Massachusetts Reax

Matthew Continetti:

After the off-year elections, Democrats could cling to Bill Owens's victory in NY-23 as a shred of evidence that the Tea Party message could hurt Republicans. Scott Brown's victory exposes NY-23 as a fluke. The trend is clear. Independents have moved sharply right over the course of President Obama's first year in office, even in Massachusetts. Attention Democrats: Obama's version of change is not what most of the country believes in.

Josh Marshall:

For a whole variety of reasons voters clearly have a lot of hesitation about this reform. I think the polls make clear that the public is not against it. But the reticence is real. If Dems decide to run from the whole project in the face of a single reverse, what are voters supposed to draw from that? What conclusion would you draw about an individual in an analogous situation in your own life? Think about it.


Scott Brown joining the Senate will make it impossible to make big progress on the big issues facing the country. But a number of “centrist” Democrats have been making it clear for a while now that they don’t want to make big progress on the big issues facing the country. That’s too bad, and Brown winning will only make things worse. We’re much more likely looking at a situation where Brown’s victory becomes an excuse for people not to do things they didn’t want to do anyway than a situation where Brown’s victory is the actual reason those things can’t be done.

Ramesh Ponnuru:

There are a lot of signs that the Ds are going to go on an anti-Wall Street jag to try to save themselves. If their political assumptions are correct, shouldn't the bank taxwhich Brown opposedhave worked better for Coakley?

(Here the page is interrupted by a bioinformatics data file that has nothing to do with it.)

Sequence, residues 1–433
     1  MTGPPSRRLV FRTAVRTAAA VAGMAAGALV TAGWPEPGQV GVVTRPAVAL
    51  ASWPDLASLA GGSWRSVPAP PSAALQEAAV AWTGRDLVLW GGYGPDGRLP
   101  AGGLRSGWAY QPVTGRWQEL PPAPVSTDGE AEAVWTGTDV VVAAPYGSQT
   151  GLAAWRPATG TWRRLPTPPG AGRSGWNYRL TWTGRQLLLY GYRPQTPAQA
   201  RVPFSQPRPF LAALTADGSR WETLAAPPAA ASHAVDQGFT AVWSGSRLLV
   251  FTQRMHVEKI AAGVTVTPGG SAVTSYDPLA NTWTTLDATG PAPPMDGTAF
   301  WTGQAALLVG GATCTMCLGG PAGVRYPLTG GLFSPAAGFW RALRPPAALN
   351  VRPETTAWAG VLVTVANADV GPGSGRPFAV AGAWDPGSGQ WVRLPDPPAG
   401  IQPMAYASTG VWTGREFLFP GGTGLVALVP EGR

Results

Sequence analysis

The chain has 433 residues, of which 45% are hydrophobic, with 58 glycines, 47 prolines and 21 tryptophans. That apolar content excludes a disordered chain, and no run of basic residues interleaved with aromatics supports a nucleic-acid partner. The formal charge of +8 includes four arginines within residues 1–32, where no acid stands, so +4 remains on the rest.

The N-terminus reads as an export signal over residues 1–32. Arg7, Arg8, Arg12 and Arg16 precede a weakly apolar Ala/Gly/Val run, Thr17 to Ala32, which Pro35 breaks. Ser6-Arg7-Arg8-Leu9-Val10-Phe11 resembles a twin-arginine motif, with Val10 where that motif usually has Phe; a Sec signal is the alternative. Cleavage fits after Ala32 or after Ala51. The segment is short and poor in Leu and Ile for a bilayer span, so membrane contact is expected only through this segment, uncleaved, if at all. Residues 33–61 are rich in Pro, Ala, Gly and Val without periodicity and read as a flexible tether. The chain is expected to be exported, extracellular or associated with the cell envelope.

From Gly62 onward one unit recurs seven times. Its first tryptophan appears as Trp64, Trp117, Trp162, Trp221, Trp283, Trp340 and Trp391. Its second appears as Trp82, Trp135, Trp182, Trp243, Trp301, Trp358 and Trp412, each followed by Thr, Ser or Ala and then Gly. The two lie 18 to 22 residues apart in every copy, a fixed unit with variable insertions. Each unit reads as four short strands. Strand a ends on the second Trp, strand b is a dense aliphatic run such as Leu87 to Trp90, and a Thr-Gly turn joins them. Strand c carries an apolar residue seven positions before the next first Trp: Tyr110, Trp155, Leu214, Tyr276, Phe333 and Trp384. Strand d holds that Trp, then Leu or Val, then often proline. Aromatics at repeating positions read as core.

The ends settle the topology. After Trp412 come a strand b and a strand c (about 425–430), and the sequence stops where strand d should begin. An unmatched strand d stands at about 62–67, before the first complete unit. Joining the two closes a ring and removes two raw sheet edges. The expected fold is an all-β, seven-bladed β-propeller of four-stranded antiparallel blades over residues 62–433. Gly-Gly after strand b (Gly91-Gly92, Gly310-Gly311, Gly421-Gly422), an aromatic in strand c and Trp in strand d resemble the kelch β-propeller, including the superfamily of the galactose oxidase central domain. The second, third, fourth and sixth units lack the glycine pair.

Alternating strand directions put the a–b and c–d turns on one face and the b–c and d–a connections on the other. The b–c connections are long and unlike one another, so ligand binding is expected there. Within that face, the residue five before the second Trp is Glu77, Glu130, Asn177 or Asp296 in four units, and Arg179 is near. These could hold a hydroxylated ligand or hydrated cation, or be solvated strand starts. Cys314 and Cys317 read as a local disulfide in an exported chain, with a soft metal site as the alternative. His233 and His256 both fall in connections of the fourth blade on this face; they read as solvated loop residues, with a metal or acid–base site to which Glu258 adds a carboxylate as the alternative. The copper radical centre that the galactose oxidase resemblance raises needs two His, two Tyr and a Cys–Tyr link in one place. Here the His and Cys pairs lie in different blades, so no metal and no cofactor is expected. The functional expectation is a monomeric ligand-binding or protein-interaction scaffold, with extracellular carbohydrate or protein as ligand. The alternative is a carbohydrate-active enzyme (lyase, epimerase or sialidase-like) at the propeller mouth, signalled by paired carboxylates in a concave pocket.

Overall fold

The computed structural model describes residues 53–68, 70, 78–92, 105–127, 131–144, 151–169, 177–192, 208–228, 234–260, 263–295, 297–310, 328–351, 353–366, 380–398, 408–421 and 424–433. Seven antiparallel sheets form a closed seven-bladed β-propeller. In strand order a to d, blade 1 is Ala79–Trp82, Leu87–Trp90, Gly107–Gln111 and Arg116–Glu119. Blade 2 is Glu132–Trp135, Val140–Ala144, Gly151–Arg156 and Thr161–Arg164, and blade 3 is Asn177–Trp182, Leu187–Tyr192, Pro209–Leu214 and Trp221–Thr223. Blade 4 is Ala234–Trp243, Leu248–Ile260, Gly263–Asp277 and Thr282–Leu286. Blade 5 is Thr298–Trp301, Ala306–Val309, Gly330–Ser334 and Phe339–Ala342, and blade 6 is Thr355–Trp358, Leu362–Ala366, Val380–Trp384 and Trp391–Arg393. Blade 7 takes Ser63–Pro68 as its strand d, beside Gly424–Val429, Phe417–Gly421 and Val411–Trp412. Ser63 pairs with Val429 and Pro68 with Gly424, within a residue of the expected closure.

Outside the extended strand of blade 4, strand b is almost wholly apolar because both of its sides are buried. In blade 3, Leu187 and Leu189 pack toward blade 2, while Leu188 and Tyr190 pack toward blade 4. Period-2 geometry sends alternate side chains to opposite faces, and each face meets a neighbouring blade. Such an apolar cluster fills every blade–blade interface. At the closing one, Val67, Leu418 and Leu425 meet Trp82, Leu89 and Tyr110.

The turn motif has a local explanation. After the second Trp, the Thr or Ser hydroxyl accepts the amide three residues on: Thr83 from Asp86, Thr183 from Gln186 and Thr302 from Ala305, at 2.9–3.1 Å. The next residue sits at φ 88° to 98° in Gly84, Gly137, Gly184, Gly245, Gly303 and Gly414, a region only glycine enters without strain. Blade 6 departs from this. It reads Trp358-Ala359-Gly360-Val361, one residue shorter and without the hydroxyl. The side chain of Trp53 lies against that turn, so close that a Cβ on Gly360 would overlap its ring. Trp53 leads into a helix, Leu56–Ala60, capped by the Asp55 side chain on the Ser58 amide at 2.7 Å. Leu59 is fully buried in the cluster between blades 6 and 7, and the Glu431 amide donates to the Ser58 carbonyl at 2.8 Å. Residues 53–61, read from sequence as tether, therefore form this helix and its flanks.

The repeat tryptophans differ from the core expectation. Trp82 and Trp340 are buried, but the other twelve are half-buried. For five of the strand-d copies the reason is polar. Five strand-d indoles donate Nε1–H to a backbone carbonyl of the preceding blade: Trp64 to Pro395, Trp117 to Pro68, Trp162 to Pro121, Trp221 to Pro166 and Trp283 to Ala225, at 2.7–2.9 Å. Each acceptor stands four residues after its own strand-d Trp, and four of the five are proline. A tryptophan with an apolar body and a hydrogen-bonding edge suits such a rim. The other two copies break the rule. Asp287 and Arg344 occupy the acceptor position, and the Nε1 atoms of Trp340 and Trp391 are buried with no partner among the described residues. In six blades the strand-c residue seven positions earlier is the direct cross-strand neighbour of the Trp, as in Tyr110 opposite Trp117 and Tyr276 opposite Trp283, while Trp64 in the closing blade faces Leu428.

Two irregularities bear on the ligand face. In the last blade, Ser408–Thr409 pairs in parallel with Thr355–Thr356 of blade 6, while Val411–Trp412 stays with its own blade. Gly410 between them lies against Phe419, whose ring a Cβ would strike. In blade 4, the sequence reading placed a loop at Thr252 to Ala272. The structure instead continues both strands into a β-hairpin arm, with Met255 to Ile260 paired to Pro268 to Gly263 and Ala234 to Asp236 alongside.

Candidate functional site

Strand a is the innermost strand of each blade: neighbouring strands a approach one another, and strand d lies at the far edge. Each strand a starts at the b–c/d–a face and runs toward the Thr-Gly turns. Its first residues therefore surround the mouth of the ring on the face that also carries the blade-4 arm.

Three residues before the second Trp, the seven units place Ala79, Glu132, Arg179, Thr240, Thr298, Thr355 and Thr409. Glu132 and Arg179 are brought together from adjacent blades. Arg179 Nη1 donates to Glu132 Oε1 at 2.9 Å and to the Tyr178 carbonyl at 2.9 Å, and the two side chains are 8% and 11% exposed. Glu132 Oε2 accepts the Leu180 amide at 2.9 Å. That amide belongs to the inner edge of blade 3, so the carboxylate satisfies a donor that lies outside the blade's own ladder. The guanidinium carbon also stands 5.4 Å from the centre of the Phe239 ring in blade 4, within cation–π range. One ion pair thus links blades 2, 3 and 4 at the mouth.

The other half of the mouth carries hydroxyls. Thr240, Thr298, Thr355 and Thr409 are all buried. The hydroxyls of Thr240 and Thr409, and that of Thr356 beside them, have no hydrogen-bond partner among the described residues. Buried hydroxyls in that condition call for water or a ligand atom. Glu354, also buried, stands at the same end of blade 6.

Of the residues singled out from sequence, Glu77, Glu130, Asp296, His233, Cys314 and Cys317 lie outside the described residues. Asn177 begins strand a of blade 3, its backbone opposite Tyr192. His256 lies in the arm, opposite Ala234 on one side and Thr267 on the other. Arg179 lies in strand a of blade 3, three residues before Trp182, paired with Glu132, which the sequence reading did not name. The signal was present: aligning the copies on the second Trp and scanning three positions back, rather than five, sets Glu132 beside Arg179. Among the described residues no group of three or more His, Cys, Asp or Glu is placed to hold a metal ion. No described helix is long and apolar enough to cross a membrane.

Nate Silver:

As one would naturally expect from an election in which the Republican won Massachusetts, Brown outperformed typical GOP margins in every corner of the state. But the swing tended to be largest in red-leaning and swing areas in central Massachusetts. Coakley's numbers were relatively good in Western Massachusetts and a handful of left-leaning suburbs, but underwhelming in Boston itself.

Yuval Levin:

[The Democrats] are of course not in fact powerless at all. But they have adopted an agenda that only a supermajority could pass (if that, even a supermajority couldn’t pass cap and trade), and with every indication of public opposition have only intensified their determination to pursue it, putting themselves on the wrong side of independent voters while persuading themselves that people would come around because this health care bill is something liberals have wanted for three generations. They have made it impossible for themselves to change course without a massive loss of face and of political capital. But however costly, that change will now need to come.

Ezra Klein:

I really wonder what the Democratic Caucus thinks will happen if they let health-care reform slip away and walk into 2010 having wasted a year of the country's time amidst a terrible recession. It won't be pretty, I imagine. If health-care reform passes, the two sides can argue over whether it was a success. If it fails, there's no argument.

[Brown] going to be a short-lister for every GOP presidential contender. It doesn’t matter if he emerges as a great legislator or policy mench in the next two years: Scott Brown will be known as the “guy who took away the Democrats’ (supposedly) filibuster-proof majority,” the guy who “sent a shiver down the spine of the Obama Administration,” and, of course, the “guy who won Teddy’s seat.”


The polls also suggest that Brown performed very well with under-30 voters, which could mean that I won't have to have another endless conversation about whether the right has lost Generation Y for good. My guess is that these voters in their late teens and twenties have scarcely any recollection of the Reagan years...The fact that America elected an African American president is a tremendous source of proud to these voters, I'm guessing. Yet that doesn't change the fact that many feel disappointed with a technocratic president who hasn't lived up to some of his more grandiose promises about transparency and a revival of grassroots democracy.

Taegan Goddard:

The politics of health care reform in the coming days is going to be one of the most interesting political stories in a long, long time.